Film Festival Today

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An Olsen Sister In The Spotlight

Written by: FFT Webmaster | October 21st, 2011

Even if you don’t watch the nightly tabloid magazine shows or read the gossip columns, it would be hard to avoid being aware of the Olsen Twins. The two sisters, Mary-Kate and Ashley, who started as child stars, are constantly in the tabloids for their private exploits, their spotty cinema careers and their growing fashion and accesories empire, which may ultimately be their biggest impact and legacy. Well, a new Olsen sister, the youngest of the pack, is about to emerge on the national stage, and this one has the acting chops to become a true cinema star.

Elizabeth Olsen, nicknames Lizzie, has an astounding five films already in the can, which will be released over the course of the next year. Her debut performance in MARTHA MARCY MAY MARLENE, which opens today via Fox Searchlight Pictures, is already being hailed as a breakthrough role on a par with Jennifer Lawrence’s turn in last year’s WINTER’S BONE. Olsen will be remembered come awards season for her internalized performance as an emotionally troubled young woman who becomes enmeshed in a cult on a remote farm in upstate New York. The film juxtaposes her time in the commune, which becomes more and more violent and abusively frightening, with her “rescue” at the upscale, lakeside home of her older sister and brother in law (played with finesse by Sarah Paulson and Hugh Dancy). The film had its world premiere at the Sundance Film Festival, where it won the Best Director prize for Sean Durkin.


MMMM was not Olsen’s only film at Sundance. She also had a starring role in the art-house horror film SILENT HOUSE, which will be released later this year. Her contrasting performances in these two films impressed critics and industry insiders alike and Olsen quickly was tagged the “it girl” of the Festival, at the tender age of 22. At last month’s Toronto Film Festival, Olsen also had a double-header, with MMMM gaining even more traction as one of the key indie films of the year, and also a supporting role in Bruce Beresford’s family dramedy PEACE, LOVE AND MISUNDERSTANDING, where the ingénue was cast opposite such veteran actresses as Jane Fonda and Catherine Keener. The prolific actress has three films opening next year, the teen sex comedy VERY GOOD GIRLS, the paranormal thriller RED LIGHTS with a cast that includes screen icons Robert de Niro and Sigourney Weaver, and the college-set romcom LIBERAL ARTS, directed by Josh Radnor (HOW I MET YOUR MOTHER) and co-starring heartthrob Zac Efron.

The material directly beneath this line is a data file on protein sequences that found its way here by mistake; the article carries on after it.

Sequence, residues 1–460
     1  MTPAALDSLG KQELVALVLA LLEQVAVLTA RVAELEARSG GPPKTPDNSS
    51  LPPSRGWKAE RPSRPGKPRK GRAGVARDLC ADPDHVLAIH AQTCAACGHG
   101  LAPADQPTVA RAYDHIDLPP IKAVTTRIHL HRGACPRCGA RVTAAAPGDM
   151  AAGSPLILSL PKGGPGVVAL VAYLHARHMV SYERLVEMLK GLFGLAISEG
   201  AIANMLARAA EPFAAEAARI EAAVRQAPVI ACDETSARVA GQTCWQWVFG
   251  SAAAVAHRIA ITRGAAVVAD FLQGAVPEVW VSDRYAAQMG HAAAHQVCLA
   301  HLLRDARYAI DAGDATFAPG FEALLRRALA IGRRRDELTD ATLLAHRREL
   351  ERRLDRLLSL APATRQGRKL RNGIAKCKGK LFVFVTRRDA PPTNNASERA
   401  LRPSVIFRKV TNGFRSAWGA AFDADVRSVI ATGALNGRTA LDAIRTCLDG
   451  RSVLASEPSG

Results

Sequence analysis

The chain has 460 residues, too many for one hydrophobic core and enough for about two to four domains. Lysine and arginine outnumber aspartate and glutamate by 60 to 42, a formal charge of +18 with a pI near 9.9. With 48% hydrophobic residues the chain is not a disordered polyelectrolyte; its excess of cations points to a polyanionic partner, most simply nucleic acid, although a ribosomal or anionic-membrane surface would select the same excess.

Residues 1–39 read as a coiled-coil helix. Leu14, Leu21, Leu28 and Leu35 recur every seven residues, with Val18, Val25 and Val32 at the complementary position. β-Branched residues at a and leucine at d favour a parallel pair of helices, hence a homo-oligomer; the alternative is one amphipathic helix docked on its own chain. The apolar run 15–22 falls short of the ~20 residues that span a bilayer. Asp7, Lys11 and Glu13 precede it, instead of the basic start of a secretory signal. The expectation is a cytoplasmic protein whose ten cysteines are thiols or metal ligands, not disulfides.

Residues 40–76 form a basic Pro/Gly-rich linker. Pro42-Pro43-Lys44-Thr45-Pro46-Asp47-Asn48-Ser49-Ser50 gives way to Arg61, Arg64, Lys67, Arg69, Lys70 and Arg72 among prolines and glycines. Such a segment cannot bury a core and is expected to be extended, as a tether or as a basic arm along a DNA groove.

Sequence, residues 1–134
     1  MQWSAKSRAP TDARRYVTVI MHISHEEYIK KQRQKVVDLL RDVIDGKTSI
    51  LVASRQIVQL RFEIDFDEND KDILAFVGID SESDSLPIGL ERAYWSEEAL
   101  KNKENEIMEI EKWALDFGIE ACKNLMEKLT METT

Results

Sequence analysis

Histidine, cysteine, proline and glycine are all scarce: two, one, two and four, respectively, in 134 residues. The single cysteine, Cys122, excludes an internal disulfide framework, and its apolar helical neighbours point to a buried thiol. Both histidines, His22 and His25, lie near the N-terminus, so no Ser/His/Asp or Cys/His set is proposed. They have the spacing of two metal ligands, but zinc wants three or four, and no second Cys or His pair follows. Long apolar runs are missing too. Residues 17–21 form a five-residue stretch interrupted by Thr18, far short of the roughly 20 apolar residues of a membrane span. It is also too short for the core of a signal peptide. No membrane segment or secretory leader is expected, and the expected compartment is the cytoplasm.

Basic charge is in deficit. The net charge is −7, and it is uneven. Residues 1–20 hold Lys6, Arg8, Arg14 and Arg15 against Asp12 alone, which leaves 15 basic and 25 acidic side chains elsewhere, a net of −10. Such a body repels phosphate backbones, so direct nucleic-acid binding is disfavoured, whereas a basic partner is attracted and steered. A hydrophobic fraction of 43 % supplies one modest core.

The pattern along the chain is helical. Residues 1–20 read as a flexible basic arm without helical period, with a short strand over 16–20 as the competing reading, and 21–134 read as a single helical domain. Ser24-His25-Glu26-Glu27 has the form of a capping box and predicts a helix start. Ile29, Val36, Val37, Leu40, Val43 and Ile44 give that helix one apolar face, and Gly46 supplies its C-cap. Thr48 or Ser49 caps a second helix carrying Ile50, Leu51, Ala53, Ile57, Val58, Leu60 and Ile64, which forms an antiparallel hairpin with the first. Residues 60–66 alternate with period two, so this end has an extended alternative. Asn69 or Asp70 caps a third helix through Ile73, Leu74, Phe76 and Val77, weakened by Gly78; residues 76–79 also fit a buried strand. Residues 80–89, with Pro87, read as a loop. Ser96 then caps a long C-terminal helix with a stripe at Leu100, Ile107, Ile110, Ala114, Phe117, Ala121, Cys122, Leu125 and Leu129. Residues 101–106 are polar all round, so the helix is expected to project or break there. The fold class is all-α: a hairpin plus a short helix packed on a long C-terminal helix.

Olsen’s story so far has been a classically American one. A Los Angeles native, she was raised in the San Fernando Valley her real estate agent father and former dancer mother. She was one of five children, including her famous twin siblings. Her first acting roles were literally cameos on her sisters’ hit television show FULL HOUSE and popular made-for-video movies that starred the grown-up twins as they hit puberty and beyond. She studied acting since her teens but never really wanted to be a child star, perhaps to avoid comparisons with her well known twin siblings. She has just graduated from New York University, where she studied acting technique and appeared on the New York stage. She also spent a semester in Russia, taking classes at the Moscow Art Theater School.

She was one of dozens of aspiring actresses when she attended the auditions for the lead role in MARTHA MARCEY MARY MARLENE. Director Sean Durkin, who also wrote the original script, was looking for an unknown to play the challenging central role in his debut film. “Lizzie read the first scene and immediately, there was something different happening”, he was quoted in a recent interview. “She could convey a lot without doing anything. There was so much going on behind her eyes.” Before her audition was even through, Durkin texted his producer that they had found their leading lady. The rest, as they say, is history, and with Olsen’s emergence on the film scene and her continued visibility in the coming months, it is not a stretch to say that a new star is born.

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